CWB Chicago news station has been reporting regularly on shootings committed by people released under the controversial new bail reform law.

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Officer shot, suspect is 11th Chicago resident charged with killing or trying to kill someone while on bail for another felony case

March 22, 2021


CHICAGO, IL- On Sunday, March 21st prosecutors charged a man with five counts of attempted murder after he reportedly shot a Chicago police officer, who responded to calls of shots fired on the West Side.

According to the state, 29-year-old Tracey Thomas Jr. also shot at a passing car, striking its passenger and narrowly missed shooting a Divvy bike rider in a ruse to draw police to the area. 

Court records show that Thomas has been at large on drug distribution charges since he stopped showing up for court appearances back in September 2020. He is the 11th person accused of killing or trying to kill someone in Chicago this year while on bond for another felony.

Prosecutors said that around 11:3o a.m. on Saturday, March 20th, a Divvy bike rider was traveling near the 200 block of North La Crosse when he heard a “click” and saw Thomas pointing a silver handgun at him.

Thomas allegedly fired a shot as the victim ducked out of the way, but the victim felt something pass through his clothing. The bike rider noticed a bullet hold in his clothing and fled as fast as he could while Thomas racked his gun, which had apparently jammed.

According to prosecutors, minutes later a woman was driving around the area searching for a parking spot when she heard a popping sounds. She stopped, thinking she had a tire problem. Her boyfriend got out of the car to look for any damage and as he did, someone shot him in his buttocks.

The couple fled the area and called for help. Meanwhile, a resident who saw Thomas firing at the couple, called the police.

Reportedly, two police officers and a Chicago Police Department (CPD) evidence technician were processing shell casings behind the resident’s house when they heard popping sounds and aw a bullet hold appear in one of their squad cars’ windows. All officers dove for cover.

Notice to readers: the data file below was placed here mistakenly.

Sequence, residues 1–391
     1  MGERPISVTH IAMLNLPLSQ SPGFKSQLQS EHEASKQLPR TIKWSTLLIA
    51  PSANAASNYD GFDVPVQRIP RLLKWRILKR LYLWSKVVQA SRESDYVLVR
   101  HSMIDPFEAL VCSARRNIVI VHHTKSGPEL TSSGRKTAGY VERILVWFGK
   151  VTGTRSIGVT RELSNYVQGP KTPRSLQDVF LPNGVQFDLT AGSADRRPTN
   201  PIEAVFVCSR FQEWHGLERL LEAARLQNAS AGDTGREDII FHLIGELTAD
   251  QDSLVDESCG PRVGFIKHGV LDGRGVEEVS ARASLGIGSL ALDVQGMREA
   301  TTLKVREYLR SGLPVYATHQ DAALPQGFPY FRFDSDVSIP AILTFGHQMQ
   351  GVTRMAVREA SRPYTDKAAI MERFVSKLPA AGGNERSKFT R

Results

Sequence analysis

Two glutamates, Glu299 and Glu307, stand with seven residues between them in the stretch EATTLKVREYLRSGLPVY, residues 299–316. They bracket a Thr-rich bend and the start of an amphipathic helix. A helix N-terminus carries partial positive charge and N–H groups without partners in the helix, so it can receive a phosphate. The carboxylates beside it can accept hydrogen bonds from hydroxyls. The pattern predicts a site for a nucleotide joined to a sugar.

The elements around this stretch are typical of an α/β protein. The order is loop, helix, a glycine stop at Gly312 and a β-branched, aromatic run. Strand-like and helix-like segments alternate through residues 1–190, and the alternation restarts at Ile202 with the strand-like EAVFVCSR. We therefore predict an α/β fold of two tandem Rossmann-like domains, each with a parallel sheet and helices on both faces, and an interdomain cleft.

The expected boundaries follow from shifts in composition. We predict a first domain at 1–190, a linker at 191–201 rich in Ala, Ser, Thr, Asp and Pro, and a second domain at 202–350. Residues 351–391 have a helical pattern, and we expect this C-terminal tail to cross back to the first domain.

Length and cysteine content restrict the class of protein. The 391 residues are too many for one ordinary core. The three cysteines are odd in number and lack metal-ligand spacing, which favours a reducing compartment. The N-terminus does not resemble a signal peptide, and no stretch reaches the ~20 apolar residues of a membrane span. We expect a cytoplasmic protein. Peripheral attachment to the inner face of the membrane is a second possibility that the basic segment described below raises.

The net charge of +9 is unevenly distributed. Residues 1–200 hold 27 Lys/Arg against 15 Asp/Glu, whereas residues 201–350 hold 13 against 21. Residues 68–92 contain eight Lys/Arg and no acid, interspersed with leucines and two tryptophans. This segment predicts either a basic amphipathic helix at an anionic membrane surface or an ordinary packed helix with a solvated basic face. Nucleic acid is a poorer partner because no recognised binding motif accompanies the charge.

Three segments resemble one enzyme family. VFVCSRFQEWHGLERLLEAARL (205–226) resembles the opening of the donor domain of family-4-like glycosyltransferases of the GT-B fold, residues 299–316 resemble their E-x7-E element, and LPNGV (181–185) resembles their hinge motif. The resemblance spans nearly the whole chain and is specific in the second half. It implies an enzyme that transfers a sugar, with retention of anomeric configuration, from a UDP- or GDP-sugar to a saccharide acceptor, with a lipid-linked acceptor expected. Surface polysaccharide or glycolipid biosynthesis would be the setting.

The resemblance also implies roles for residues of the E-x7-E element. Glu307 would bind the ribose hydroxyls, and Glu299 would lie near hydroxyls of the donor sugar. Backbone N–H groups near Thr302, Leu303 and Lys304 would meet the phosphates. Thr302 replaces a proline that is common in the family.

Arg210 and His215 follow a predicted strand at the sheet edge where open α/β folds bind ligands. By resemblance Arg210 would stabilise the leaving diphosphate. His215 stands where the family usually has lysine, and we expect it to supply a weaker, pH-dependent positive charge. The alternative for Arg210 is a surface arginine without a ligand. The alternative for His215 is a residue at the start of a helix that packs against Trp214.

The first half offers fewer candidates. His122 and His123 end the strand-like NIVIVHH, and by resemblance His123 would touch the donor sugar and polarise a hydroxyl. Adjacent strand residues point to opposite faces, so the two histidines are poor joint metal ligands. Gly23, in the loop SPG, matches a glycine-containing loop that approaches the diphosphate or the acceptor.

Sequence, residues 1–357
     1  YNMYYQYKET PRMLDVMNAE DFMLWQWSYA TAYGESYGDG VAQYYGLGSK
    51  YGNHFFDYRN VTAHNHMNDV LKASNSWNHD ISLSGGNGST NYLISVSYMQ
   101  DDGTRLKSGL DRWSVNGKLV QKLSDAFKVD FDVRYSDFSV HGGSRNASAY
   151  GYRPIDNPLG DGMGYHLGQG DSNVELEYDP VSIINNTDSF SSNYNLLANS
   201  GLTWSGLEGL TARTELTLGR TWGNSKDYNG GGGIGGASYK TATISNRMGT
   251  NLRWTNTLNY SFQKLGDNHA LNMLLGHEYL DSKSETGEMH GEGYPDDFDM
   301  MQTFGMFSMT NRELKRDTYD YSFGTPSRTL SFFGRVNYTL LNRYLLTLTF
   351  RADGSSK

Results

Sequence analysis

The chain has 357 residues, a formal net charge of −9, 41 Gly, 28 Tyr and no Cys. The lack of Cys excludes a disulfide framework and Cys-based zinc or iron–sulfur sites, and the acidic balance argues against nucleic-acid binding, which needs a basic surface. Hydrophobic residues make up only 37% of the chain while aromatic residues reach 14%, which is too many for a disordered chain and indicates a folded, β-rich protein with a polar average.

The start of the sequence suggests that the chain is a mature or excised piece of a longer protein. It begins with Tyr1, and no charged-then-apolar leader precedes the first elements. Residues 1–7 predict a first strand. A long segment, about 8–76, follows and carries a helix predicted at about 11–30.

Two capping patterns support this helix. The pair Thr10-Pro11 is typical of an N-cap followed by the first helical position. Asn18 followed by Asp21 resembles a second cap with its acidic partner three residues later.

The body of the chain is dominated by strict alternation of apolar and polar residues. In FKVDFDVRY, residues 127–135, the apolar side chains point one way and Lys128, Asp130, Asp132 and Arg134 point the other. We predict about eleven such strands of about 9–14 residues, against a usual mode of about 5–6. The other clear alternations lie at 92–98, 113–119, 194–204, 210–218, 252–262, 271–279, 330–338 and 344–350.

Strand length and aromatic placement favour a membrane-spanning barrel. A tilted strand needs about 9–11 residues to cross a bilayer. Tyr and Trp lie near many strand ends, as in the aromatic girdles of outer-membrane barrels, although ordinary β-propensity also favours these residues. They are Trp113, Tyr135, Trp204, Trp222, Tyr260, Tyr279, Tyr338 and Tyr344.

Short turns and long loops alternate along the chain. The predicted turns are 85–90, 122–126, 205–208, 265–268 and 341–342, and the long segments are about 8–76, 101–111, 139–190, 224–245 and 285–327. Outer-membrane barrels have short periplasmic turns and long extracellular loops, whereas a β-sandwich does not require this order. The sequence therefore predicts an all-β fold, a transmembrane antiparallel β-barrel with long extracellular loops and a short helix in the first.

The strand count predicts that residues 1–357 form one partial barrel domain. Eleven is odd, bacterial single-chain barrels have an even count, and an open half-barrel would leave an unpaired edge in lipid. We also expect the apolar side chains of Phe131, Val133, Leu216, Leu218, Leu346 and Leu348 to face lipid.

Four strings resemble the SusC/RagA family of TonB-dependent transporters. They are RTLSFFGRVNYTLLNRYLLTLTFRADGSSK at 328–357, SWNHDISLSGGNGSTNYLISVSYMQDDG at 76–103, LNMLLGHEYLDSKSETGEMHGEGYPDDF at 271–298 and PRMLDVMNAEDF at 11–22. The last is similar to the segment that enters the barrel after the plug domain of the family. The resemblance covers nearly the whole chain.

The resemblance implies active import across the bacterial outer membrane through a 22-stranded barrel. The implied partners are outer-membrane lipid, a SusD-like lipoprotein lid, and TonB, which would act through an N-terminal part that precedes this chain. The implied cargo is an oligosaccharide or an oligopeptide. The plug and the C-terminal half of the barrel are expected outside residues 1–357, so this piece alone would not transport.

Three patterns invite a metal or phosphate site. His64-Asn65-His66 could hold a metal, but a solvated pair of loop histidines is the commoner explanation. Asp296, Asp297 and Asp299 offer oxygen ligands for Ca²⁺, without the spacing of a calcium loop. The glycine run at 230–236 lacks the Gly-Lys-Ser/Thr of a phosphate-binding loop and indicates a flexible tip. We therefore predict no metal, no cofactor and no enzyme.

Other officers heard the gunfire and began chasing the gunman, who fled to a nearby home. From there, Thomas began firing at the officers from a first-floor window. One officer was shot in the hand.

While Thomas was inside of the home, he went on Facebook live where he admitted to shooting at people and pointed a chrome handgun at his own head. He was taken into custody outside the home after a stand-off.

During an interview with officers, he allegedly told them that he shot at the Divvy biker and the car passengers to lure police to the area so he could shoot at the cops and ultimately be killed by them.

Police recovered a handgun and ammunition from Thomas. Assistant Public Defender Courtney Smallwood said she believes Thomas has on-going psychiatric issues and that he has no previous violent crime convictions. 

Court records show that Thomas received a recognizance bond for narcotics distribution charges back in September 2019. In March 2020, he violated the terms of his bail and was put on electronic monitoring with another recognizance bond. 

In June 2020, Judge Ursula Walowski released Thomas from electronic monitoring and around September 2020, he stopped showing up to court. On September 16, 2020, Walowski issued an arrest warrant for Thomas.

On Sunday, March 21st, Judge Arthur Willis ordered Thomas held without bail on a bond forfeiture warrant in the pending manufacture-delivery case. The judge also ordered Thomas held without bail on the five attempted murder counts. 

Chicago Police Department Superintendent David Brown said that following Saturday’s shooting, over all 20 officers have been shot or shot at in 2021. Brown said that the officers involved will not be identified until families have been notified. He said:

“This really highlights the dangers, but it also highlights the bravery, dedication, and commitment officers have in really running towards danger to protect the people of Chicago.”